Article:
A field planted with tobacco near the Banda hills northwest of Ahenkro. Banda area farmers began to go into commercial tobacco farming in the 1980s. In preparation to grow tobacco, fields were clear cut and plowed by tractor. Tobacco seedlings were transplanted into the mono-cropped fields. Farmers used commercial fertilizers supplied by tobacco buyers who advanced money on cured leaves. These large cleared fields rapidly lost soil fertility. After tobacco farming was banned by the Traditional Council in the early 2000s, these open fields were often planted with other cash crops, like cashew. Northwest of Ahenkro, 1994.
Family members work together at farm to process calabash (gourd; chrԑ in Nafaanra) grown as both a cash crop and a source of household objects and its seeds as a soup ingredient. The men use large knives to split the calabash, after which they will remove its pulpy center and scrape its interior walls. Pictured here are (left to right) Maa Afia (girl), Ama Bosin (woman), O. K. Kwabena Krah, Nduo Wulo Kwadwo and Joshua Tandor. Farm on the outskirts of Banda-Ahenkro, August, 1982.
Kwasi Millah of Dompofie sits under the shade of a tree while processing calabash (gourd) bowls (chrԑgbͻͻ in Nafaanra). The interior is scraped clean and the calabash set aside to dry. While some are kept for household use, many are sold at market. Once dried, the calabash bowls are durable utensils used for cooking, bathing, and other household tasks. Dompofie, June, 1995.
Joshua Tandor uses a metal blade and a mallet to split a calabash (chrԑ in Nafaanra) in half. The pulp and seeds are removed and the calabash walls scraped clean before being set aside to dry. The resulting calabash bowls (chrԑgbͻͻ) are sold at market while the seeds are a prized soup ingredient (fnumu). Farmstead on the outskirts of Banda-Ahenkro, August, 1982.
A clear-cut, tractor-plowed field at the base of the Banda hills, northwest of Ahenkro. Production of commercial tobacco in the 1980s and 1990s introduced clear cutting and tractor plowing to the area. Once opened up, these fields are not well suited for growing yams or intercropping. They are typically put to production of other cash crops. Northwest of Ahenkro, June, 2009.
Banda farmers began planting cashew trees as a cash crop in the early 2000s. Farms dedicated to the production of this export crop, like this one along the road south of Bongase, are increasingly common across the area. Bongase, 14 November, 2018.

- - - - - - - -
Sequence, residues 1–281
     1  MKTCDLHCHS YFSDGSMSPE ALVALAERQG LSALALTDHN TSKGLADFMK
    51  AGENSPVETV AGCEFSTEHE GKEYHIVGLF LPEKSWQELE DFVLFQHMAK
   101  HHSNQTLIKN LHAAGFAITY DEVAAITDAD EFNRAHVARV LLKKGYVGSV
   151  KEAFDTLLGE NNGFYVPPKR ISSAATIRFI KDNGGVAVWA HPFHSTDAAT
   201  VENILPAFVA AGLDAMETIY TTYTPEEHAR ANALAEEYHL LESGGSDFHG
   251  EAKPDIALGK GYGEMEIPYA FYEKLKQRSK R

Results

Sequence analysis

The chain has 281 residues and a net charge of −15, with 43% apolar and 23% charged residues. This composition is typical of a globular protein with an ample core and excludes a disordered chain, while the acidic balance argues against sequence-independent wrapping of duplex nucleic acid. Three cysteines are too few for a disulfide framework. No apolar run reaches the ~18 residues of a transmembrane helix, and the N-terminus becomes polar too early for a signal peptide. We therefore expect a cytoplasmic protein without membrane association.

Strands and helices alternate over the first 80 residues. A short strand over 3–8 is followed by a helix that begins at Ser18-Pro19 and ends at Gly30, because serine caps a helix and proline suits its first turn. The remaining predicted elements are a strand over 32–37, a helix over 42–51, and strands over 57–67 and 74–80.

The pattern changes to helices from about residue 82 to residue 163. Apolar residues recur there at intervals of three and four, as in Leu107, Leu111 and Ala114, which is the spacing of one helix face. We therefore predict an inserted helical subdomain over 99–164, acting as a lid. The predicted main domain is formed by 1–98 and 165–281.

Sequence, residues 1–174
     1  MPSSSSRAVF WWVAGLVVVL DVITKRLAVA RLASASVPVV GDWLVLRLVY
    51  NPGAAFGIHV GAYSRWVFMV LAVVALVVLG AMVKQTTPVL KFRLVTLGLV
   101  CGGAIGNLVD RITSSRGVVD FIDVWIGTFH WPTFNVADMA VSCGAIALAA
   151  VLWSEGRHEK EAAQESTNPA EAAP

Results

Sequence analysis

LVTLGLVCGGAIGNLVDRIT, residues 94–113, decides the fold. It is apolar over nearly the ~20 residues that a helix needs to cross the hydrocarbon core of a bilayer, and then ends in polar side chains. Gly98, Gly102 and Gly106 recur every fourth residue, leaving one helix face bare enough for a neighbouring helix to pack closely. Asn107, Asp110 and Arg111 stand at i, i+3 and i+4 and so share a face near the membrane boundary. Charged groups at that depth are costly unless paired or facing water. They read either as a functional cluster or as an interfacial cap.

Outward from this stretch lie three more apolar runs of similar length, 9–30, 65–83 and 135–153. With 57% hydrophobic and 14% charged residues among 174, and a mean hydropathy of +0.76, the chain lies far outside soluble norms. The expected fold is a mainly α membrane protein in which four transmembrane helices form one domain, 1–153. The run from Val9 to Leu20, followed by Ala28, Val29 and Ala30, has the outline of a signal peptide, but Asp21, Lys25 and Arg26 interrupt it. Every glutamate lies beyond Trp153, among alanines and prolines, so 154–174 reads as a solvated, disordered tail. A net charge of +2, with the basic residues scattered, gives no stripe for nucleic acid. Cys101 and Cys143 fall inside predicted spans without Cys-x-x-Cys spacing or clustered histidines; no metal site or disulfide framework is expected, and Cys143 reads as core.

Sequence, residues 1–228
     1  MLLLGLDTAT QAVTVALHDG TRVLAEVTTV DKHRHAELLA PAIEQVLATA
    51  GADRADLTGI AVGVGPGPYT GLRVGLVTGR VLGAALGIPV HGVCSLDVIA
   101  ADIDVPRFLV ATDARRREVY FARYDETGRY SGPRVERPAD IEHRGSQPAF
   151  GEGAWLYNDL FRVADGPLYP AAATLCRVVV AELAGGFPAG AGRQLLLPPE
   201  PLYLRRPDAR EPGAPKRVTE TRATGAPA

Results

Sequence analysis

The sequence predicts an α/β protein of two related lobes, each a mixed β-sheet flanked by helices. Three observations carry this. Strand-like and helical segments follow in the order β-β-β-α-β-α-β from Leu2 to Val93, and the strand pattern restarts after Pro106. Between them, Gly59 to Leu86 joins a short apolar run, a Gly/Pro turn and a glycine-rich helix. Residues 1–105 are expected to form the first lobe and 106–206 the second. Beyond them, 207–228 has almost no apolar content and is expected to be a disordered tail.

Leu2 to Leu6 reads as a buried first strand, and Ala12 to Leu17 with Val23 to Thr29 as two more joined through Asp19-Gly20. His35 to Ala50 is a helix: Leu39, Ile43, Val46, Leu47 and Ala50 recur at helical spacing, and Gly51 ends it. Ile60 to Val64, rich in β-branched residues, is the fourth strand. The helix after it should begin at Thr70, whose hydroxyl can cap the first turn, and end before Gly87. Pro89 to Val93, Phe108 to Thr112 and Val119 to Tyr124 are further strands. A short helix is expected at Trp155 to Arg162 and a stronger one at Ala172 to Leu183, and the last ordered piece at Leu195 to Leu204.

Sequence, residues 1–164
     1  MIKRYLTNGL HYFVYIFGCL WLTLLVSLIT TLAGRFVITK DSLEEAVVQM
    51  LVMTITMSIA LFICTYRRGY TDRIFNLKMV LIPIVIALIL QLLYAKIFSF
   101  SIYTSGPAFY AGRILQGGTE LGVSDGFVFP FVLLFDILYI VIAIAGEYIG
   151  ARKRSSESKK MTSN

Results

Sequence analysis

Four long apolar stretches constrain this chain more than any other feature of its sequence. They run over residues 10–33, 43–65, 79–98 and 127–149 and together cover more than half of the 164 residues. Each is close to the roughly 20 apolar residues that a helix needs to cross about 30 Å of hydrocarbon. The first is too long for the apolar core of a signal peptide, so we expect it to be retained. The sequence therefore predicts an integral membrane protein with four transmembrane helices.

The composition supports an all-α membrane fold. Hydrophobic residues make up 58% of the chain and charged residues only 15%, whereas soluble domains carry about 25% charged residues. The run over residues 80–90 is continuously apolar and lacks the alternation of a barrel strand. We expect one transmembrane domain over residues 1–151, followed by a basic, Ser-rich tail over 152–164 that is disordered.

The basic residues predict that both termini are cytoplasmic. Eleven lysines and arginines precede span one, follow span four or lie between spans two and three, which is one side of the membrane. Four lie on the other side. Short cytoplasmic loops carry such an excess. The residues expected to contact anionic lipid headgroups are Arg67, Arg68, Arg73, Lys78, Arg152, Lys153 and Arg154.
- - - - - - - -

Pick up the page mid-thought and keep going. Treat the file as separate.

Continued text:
View towards the east from the Banda hills north of Ahenkro. In the foreground (right) are farm fields that have been clearcut and plowed for tobacco farming.The houses of Ahenkro are visible beyond the farm fields. The mountain ranges in the distance are those near Fawoman (left) and Boase (right). Banda hills, 30 July, 1994.
Tobacco began to be grown as a cash crop in the Banda area in the early 1980s. Here young people tie leaves to the branches from which the tobacco will be suspended while hanging in the drying barn. Visible in the background are two drying barns built of cement block and roofed with iron sheets. Tobacco companies advanced farmers the materials to build these barns against the farmer's crop. Between the drying barns is a stack of wood brought in by tractor to fuel fires in the barns. In the background of one photo, men carry headpans filled with tobacco which they have brought from farm. Two photos. South side of Ahenkro, July-August, 1986.
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Drying barns; Children's work; Wood piles; Headpans; Men's work
Lifting and carrying; Firewood; Tobacco; Metal roofing; Agriculture; Building; Cash crops
A plowed field at the base of the Banda hills near Ahenkro remains unplanted. Other previously plowed but now fallow fields are visible as light green areas against a background of savanna woodland. These clear-cut, tractor-plowed fields were first opened up in the 1980s and 1990s when many farmers took up commercial tobacco production, later banned by the Traditional Council. Looking eastward, the hills near Fawoman are visible in the background. Two photos. Northwest of Ahenkro, June, 2009.
Calabash (gourd) seeds (fnumu in Nafaanra) are a prized ingredient used to prepare a much-valued soup (fnumu chiin; calabash seed soup). The pulp is set aside to decay, making it easier to remove the seeds, which are then cleaned, dried, and cracked by hand to remove the seed coat. Here women on Nduo Wulo Kwadwo's farm outside Banda-Ahenkro prepare to carry seeds home for processing. Outskirts of Banda-Ahenkro, August, 1982.